After undertaking price cuts on two to three occasions since December, NMDC hiked prices of both fines and lumps by Rs 400 a tonne, or about 15 per cent, effective February 23.
Rising global iron ore and steel prices led NMDC to take effect these hikes, which should provide it some respite and improve its March quarter (Q4) outlook that otherwise appeared soft amid subdued realisations. Yet, the Street isn’t impressed, given prospects and concerns beyond Q4.
The latest price hikes have been supported by supply disruption at Vale in Brazil, a large global producer, following the accident at its mine. Consequently, the ex-China per tonne price of 62 Fe grade ore has crossed $85 from $75 last month.
Analysts said some price hikes by Odisha’s producers have also benefited NMDC. They added that NMDC should also gain from the inability of domestic merchant miners to increase supplies till March having utilised their approved environmental clearance for FY19.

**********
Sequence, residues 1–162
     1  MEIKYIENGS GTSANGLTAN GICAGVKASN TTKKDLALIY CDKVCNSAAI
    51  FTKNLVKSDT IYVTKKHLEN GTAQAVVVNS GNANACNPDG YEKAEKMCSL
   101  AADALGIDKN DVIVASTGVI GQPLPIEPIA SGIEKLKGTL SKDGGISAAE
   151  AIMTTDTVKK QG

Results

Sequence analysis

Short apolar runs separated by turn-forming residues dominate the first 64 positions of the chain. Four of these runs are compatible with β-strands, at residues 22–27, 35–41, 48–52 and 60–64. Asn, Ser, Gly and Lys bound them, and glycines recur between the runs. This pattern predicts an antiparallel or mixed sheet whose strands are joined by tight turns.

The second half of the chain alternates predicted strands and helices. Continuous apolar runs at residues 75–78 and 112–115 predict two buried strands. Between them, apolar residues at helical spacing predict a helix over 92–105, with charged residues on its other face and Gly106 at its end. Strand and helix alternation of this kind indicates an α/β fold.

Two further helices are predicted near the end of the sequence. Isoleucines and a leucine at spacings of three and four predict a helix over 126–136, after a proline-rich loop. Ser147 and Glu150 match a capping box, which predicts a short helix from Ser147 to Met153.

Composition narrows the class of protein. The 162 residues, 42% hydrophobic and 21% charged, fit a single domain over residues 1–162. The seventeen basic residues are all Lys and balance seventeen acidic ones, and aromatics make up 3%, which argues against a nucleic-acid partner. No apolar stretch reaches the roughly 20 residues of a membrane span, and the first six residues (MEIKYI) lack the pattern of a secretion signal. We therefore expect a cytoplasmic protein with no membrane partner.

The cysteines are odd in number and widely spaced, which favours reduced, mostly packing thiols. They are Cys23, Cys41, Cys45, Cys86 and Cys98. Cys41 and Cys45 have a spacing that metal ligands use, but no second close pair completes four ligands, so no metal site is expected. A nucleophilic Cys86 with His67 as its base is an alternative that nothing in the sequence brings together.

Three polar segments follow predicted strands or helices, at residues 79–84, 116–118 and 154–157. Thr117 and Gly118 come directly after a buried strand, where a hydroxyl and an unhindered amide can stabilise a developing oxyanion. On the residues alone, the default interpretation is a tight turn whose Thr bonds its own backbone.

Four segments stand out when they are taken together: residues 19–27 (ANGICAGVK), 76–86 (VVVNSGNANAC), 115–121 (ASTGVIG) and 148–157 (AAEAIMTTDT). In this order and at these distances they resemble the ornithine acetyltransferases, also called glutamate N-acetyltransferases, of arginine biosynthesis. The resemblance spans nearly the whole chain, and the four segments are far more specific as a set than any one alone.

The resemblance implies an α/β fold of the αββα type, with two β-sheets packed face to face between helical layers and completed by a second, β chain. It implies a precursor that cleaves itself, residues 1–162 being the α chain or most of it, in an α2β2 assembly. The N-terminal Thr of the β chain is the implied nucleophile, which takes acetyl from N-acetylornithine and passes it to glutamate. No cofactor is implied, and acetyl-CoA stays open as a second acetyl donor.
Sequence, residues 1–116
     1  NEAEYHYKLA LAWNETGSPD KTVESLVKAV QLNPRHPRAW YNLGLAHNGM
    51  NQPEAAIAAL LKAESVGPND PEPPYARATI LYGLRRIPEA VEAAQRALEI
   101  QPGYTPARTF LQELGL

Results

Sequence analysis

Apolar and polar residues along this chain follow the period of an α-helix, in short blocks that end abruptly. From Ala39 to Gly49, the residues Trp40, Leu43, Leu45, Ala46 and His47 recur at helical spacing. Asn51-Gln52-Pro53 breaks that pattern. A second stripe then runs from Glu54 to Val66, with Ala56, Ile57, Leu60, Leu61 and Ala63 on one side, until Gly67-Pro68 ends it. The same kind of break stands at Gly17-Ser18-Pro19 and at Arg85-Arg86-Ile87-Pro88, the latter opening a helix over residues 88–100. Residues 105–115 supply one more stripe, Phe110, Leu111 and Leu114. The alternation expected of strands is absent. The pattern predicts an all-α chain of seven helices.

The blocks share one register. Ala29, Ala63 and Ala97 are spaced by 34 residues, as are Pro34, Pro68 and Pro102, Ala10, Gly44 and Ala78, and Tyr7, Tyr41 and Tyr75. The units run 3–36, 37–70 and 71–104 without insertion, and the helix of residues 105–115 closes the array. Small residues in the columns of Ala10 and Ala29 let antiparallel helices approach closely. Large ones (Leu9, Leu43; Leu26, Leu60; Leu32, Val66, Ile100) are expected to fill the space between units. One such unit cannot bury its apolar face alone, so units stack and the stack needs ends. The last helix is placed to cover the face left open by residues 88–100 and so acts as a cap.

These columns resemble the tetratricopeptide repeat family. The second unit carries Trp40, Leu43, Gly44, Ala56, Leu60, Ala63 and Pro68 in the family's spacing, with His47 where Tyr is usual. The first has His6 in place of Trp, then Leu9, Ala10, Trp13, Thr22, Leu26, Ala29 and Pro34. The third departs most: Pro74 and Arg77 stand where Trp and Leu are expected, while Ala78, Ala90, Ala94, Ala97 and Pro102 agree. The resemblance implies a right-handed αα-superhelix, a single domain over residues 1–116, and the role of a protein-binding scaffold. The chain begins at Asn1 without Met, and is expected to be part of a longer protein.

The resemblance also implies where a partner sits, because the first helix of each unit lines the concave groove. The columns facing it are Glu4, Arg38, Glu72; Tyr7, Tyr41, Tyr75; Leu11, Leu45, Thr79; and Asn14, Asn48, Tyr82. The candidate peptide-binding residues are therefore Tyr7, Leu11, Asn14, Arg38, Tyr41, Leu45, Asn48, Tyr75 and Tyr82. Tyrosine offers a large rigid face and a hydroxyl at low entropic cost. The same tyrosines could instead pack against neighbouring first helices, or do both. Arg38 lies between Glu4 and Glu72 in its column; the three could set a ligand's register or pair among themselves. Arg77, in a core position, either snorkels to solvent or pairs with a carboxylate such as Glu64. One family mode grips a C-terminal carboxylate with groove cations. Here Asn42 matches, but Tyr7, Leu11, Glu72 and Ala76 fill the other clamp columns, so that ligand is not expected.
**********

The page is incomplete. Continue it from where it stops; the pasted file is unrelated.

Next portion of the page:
Moreover, higher global prices are another advantage. NMDC usually exports about 2 million tonnes (MT) of ore in Q4. With global prices remaining supportive, it may help NMDC garner better realisations, says an analyst at a domestic brokerage.
All these have improved expectations for Q4. While NMDC had clocked per-tonne profitability of about Rs 2,475 in Q3, against Rs 1,494 in the year-ago quarter and Rs 1,878 in Q2, the price cuts starting December had led to muted expectations for Q4.
However, while recent events and price hikes do provide some respite, ore prices are still 17-20 per cent lower than levels seen during October and early-December. Further, any blip in Odisha’s ore production is seen to be temporary as producers are expected to expand output in FY20 upon expiry of their mining
Thus, NMDC may continue facing intense competition, while concerns over its volumes remain, given disruption at Donimalai due to higher lease rental demanded by the Karnataka government. Analysts at ICICI Securities had already cut their sales volumes estimate to 31 MT for FY19 (from 32.7 MT earlier) and to 28 MT for FY20 (35 MT earlier).
Not surprising then, the stock has hardly gained after the latest price hikes. Analysts believe resumption of the Donimalai mines remains the key trigger.